But for many Arab women (I say many based on the negative reaction Eltahawy's column has already stirred), this column is offensive and is nothing but a combination of old cultural practices and undemocratic government actions that are described in a way to represent women as the Oriental Other, weak, helpless and submissive, oppressed by Islam and the Muslim male, this ugly, barbaric monster. Yes, women everywhere face diverse challenges. Arab women have their own fair share of issues, but to claim that these are problems of hate is deceiving.  

 As a Muslim Arab woman, I therefore by no means see myself being represented fairly in Eltahawy's column, and here's why:


  • From the very start of the article, Eltahawy introduces a disturbing account by author Alifa Rifaat in her fiction book Distant View of a Minaret to tell us what goes on in a bedroom between man and wife. Yet how can Eltahawy jump to this conclusion about misogyny in the Middle East merely by reciting quotes from Rifaat's fiction book?  How would you know or how can you claim to know that many Arab women are sexually deprived? Have you interviewed Arab wives who confirm this? Are you relying on a credible study? For someone like Eltahawy, whom I truly considered to be a veteran reporter, to make such generalized sensationalist claims is very disappointing!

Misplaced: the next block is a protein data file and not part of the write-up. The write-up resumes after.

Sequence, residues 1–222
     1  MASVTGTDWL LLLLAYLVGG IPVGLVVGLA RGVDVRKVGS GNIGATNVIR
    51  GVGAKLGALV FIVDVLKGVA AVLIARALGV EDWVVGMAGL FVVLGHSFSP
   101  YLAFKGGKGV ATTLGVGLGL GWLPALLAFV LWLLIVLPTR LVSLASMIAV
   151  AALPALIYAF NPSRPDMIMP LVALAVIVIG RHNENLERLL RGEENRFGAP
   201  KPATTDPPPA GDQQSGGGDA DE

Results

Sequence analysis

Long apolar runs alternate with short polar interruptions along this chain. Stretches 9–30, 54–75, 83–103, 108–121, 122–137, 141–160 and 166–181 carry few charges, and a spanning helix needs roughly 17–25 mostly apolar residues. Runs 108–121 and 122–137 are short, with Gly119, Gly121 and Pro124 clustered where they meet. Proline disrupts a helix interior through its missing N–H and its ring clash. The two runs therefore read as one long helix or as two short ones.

• Additionally, some of the evidence Eltahawy relies on, such as virginity tests, criminal codes, etc are problems of undemocratic governing and have nothing to do with hate of women. These are problems that also impact men. There are numerous accounts of police brutality in Egypt, where men have been beaten, sexually abused or beaten to death. Have we forgotten about Khaled Said, the young Alexandrian, whose brutal death sparked the Jan25 Revolution? Or how about Essam Atta, the young man who was tortured to death in prison? Why do we always have to focus on violence against women?  And if you are going to mention unfair criminal codes, then out of fairness, let's examine Egypt's child custody laws, laws that empower mothers but are ridiculously unfair towards fathers.